Watershed Land Trust, Inc.

Welcome to the Watershed Land Trust (WLT) as a local affiliate of the WLT.  You are about to embark on
some of the coolest programs imaginable.  This program is geared toward, but not necessarily limited to,
environmental and science minded students interested in land stewardship.  

It is the intent of this program to an enrichment program with a focus on the sciences.  Through this
program, you will be classified as a watershed group with the guidance of the WLT.  The watershed group
would have the opportunity to work within the Adopt-a-Wetland, Adopt-a-Stream, and Adopt-a-Riparian
Buffer programs with the WLT.  Opportunities will also be available for Steam Cleans and other service-hour
related type functions and community events.  You may even be the group organizing the events!

We can apply to raise funding for special events/projects including restoration opportunities with the
guidance of the WLT.  All we need is a dream, some science, and the manpower to perform.

This program is specifically designed for science students at the middle school, high school, and college
levels.  Other civic groups are invited as well.  Many thanks go out to the other environmental organization's
and agency's Adopt-A-Wetland programs for their hard work and efforts in establishing similar protocol.

Program Goals

The WLT Adopt-A-Wetland Program is a hands-on education program that promotes wetland conservation
and land stewardship through volunteer monitoring.   Thousands of wetlands are impacted and also
created/restored as a result of highway and bridge construction.  The Adopt-A-Wetland program can be in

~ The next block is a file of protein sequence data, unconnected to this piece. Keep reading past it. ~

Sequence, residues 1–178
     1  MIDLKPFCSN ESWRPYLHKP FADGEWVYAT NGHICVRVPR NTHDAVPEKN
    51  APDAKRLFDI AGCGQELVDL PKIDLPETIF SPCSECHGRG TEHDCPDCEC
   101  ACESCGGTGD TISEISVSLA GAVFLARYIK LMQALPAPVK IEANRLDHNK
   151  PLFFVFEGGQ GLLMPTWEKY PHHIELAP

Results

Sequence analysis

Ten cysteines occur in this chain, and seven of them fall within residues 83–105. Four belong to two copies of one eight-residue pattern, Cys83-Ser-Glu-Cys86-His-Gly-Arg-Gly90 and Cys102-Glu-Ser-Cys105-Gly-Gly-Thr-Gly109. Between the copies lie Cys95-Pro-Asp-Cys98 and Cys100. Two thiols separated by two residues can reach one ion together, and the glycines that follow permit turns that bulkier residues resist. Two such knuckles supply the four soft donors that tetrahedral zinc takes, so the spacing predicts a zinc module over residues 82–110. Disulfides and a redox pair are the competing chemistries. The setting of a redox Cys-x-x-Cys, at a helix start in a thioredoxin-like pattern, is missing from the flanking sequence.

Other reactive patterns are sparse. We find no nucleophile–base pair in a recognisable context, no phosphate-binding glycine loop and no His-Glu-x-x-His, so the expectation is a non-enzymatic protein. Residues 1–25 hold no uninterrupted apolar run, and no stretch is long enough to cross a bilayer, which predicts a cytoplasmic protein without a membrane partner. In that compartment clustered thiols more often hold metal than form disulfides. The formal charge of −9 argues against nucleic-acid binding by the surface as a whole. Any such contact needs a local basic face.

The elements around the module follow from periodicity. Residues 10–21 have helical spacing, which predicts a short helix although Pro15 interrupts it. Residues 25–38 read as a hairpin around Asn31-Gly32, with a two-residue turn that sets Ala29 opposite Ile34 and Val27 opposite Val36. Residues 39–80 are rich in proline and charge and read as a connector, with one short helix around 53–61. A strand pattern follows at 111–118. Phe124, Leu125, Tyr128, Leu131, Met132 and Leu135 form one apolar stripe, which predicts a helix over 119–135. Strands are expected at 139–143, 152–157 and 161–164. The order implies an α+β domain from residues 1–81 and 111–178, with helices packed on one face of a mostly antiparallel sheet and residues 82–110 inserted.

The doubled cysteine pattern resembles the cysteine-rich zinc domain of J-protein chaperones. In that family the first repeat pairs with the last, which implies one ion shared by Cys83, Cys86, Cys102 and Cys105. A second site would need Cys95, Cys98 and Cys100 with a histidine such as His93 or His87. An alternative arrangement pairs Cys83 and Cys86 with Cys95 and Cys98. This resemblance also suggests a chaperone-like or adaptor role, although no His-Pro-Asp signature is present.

conjunction with the Adopt-A-Highway program established in the late 1980's.  These wetlands are often
forgotten and neglected.  Although the WLT is based in Kansas, this program is open to the entire USA.

The goals are to:

1. Educate the public on the importance of wetlands
2. Increase public awareness of water quality issues
3. Train students and citizens to monitor and protect wetlands
4. Collect baseline wetland health data
5.  Move the curriculum outdoors
6.  Assist Departments of Transportation and others in
monitoring and improving our natural resources.

Wetlands - Critical Ecosystems

Wetlands are critical ecosystems performing many ecological functions. They help to filter pollutants and to
protect our coastal areas from damaging floods. Also considered essential habitat, they provide a nutrient
rich environment for larval fish and shellfish including many commercially important species (e.g. mullet, sea
bass, oysters, blue crab and shrimp). Wetlands also allow for many diverse recreational activities such as
photography, birding, fishing, and kayaking.

Coastal  Wetlands:

The Coastal Marshland Protection Act and the Shore Protection Act provide the legal authority to protect
tidal wetlands and beaches. Clearly, these environments need protection, however, in recent years
wetlands have come under increased pressures. Acres of salt marsh grass have been lost to the “dead
marsh” phenomenon. Marsh die-off events occurred throughout the southeast region after a prolonged
drought period. It has been theorized that drought conditions encouraged habitat alterations including
changes in the water chemistry of marsh mud, the spread of diseases, and changes in the food web.
Additional losses are occurring due to the population explosions. Urbanization inevitably leads to wetland